21 October 2007

misanthrope


I signed up for facebook. I was curious, I suppose. it reveals more deeply than ever that I really don't so much like the people. I'll find people I used to know and I think: huh, s/he looks good. good for them. but contact? ha! no way.

and: it's eerie how happy everyone is in their little pictures. eerie and wrong. it has a sort of uncanniness to it. I'm sure some grad student is working on this busily in some cultural studies department somewhere in the midwest right now. does not detract from the fact that facebook: uncanny. and me: misanthrope. this facebook thing may not work for me. we'll see. here's my uncanny pic.

5 comments:

Ruth said...

I signed up for Facebook last year, as I was told it was good for establishing/developing relationships with my students. I do find it makes for a moderately interesting window into their lives ("Huh -- she's seeing her? I didn't even know they were gay"), but so far it has mostly resulted in invitations to join groups that I couldn't possibly, mostly for professional reasons, sign up for.

So far, the most useful thing it's done for me is provide an invitation (complete with directions)for a funeral. After which I discovered that in the day between the onset of the person's illness and his death, his sister had been using his Facebook account to try to make contact with his friends to have them come to the hospital. Which I find morbidly fascinating. Would certainly never have occurred to me...

Daniel said...

I kind of love facebook. In part because of the contrast to MySpace, which is just an awful, clunky, offensive, ugly mess. Facebook:Myspace::OSX:Vista or something. While FB is a good way to keep in touch with people that you don't often see or e-mail (little posts on someone's wall are very different than dropping someone an e-mail...you can actually just say "hi" or "I thought of you today when I saw a yellow fire hydrant" or whatevs), it works particularly well, strangely, with a more immediate group of people that you see every day or every week. So for me, that would be all the other grad students in my department (less than 50) -- at least, all the ones who have FB profiles. You can find contact info, look at photos they posted from the party this weekend, drop a note that says hey...I don't know, it just feels like a community in a way that e-mail does not. Maybe it's everyone's smiling, happy profile photos.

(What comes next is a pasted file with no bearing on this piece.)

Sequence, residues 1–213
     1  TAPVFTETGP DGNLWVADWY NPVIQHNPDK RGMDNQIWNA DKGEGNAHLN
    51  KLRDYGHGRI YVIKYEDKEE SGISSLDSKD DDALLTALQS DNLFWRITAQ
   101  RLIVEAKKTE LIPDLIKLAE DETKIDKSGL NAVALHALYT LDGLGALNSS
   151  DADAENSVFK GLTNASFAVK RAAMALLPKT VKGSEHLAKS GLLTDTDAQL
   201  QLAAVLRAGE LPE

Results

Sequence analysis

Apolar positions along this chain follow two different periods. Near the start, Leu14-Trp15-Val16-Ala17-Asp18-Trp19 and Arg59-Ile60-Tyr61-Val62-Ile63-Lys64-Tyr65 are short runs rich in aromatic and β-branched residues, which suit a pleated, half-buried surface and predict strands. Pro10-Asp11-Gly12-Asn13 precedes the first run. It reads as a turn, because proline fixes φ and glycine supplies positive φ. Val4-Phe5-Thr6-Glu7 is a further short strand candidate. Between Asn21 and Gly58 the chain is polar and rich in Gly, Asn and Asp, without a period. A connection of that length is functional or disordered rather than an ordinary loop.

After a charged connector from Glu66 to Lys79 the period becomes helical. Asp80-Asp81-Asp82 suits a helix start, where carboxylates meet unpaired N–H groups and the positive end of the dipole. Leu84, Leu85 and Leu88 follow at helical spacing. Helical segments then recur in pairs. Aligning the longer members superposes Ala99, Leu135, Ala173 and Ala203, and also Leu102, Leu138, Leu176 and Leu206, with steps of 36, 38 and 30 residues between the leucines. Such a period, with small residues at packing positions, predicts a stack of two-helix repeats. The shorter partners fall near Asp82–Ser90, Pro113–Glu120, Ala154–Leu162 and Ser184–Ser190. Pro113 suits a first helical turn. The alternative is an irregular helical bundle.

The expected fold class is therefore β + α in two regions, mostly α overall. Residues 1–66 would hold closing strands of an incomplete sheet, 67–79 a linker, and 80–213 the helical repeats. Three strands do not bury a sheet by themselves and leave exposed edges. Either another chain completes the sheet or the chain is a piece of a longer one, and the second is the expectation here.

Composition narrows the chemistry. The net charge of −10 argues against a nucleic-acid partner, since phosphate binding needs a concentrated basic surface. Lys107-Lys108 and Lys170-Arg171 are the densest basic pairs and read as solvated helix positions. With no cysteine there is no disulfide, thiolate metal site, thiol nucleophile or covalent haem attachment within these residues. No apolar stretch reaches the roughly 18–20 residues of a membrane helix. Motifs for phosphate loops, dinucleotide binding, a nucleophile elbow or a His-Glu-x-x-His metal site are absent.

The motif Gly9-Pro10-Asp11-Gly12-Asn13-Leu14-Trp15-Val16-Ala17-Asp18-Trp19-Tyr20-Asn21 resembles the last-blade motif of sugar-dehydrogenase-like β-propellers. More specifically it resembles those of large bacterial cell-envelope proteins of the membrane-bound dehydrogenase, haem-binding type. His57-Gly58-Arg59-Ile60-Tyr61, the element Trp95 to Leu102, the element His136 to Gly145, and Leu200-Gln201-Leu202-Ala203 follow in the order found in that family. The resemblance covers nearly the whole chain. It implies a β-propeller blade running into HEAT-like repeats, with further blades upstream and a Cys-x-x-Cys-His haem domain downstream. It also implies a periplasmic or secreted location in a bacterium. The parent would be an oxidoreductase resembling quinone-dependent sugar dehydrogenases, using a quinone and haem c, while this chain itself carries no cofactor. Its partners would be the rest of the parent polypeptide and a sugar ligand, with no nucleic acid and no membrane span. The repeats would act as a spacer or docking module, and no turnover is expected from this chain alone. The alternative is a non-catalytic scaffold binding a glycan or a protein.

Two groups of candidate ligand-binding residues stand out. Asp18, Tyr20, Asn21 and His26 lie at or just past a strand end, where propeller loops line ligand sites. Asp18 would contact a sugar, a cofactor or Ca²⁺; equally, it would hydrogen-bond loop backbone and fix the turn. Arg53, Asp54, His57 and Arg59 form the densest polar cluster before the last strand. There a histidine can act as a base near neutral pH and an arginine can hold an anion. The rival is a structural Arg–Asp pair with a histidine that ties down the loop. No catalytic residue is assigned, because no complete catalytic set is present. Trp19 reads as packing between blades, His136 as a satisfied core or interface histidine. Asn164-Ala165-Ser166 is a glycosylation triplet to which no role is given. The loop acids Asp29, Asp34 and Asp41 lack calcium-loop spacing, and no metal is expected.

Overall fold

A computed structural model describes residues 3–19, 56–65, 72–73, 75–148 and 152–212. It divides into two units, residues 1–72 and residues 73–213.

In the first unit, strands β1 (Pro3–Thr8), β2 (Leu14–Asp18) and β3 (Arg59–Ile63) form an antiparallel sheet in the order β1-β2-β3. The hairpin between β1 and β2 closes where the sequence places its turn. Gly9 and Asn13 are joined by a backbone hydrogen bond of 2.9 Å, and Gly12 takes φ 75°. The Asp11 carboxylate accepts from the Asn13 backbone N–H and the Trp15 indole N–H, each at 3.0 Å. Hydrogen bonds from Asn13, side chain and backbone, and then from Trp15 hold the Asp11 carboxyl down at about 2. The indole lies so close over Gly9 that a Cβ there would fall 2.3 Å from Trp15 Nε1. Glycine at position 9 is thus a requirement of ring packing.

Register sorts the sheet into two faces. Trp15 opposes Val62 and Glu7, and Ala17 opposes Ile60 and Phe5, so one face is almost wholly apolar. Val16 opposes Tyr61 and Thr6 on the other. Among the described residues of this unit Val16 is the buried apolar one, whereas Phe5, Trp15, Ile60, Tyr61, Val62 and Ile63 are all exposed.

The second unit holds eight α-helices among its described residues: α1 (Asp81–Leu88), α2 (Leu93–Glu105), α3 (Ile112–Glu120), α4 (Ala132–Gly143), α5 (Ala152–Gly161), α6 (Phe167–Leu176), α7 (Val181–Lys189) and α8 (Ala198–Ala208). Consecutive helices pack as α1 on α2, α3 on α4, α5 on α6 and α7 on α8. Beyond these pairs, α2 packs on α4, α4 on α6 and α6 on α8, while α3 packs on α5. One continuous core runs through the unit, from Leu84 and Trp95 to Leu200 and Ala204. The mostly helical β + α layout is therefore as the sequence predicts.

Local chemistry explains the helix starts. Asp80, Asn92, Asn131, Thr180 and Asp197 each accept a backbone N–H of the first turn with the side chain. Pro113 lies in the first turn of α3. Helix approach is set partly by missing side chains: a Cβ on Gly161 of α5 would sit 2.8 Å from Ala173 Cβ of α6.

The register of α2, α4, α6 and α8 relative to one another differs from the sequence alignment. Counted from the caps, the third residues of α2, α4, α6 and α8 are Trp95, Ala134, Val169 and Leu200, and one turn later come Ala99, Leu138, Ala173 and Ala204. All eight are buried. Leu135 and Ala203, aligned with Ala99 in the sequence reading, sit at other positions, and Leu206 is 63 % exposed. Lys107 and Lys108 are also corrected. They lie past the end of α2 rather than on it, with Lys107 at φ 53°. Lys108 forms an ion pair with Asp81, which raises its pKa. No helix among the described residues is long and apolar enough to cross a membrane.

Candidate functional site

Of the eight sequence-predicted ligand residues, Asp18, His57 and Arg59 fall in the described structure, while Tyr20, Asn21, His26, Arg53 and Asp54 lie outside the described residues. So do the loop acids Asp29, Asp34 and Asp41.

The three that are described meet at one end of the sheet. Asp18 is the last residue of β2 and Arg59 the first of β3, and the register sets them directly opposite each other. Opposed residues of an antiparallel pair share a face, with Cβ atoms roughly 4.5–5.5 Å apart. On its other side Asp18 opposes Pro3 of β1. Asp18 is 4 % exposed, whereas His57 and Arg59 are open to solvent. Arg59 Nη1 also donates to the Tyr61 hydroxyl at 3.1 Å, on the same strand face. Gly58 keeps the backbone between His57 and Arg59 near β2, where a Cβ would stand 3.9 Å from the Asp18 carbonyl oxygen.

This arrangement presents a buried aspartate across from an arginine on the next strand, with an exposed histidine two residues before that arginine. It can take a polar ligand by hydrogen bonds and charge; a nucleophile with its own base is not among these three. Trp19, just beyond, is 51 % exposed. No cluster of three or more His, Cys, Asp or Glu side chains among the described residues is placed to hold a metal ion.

I do not, however, allow access to undergrads and have a "no friending students" policy, but that's just me. I want to feel like I can be myself and not give students so much access to my personal life. God forbid the mystery be revealed.

PS: I have students! :p

Ruth said...

Yeah -- since basically the only people I know on Facebook (or so I thought, until this exchange) are my students (or my much younger cousins), my "friending" policy is that I can't ask a a student to be my friend (potentially coercive) -- and that I have to accept any invitation to be a friend from a student (avoids favoritism). So you see it's got a very different, work-oriented focus for me.

I deal with the giving-students-too-much-personal-info issue by just not letting it get too personal. Perhaps subverting the entire purpose...

(speaking of which, Tekne -- I looked for your profile, and couldn't find it. Too many people

Ruth said...

...with the same name (I meant to say).

tekne said...

yes. the ol' name not exactly unique in my case. I suppose that oddly protects me in an anonymity of numbers... I'll 'poke' you/invite you instead. What is with poking? Is it in fact one with the sexual implication it embodies? I haven't done it yet, so I suppose I'm a poking virgin...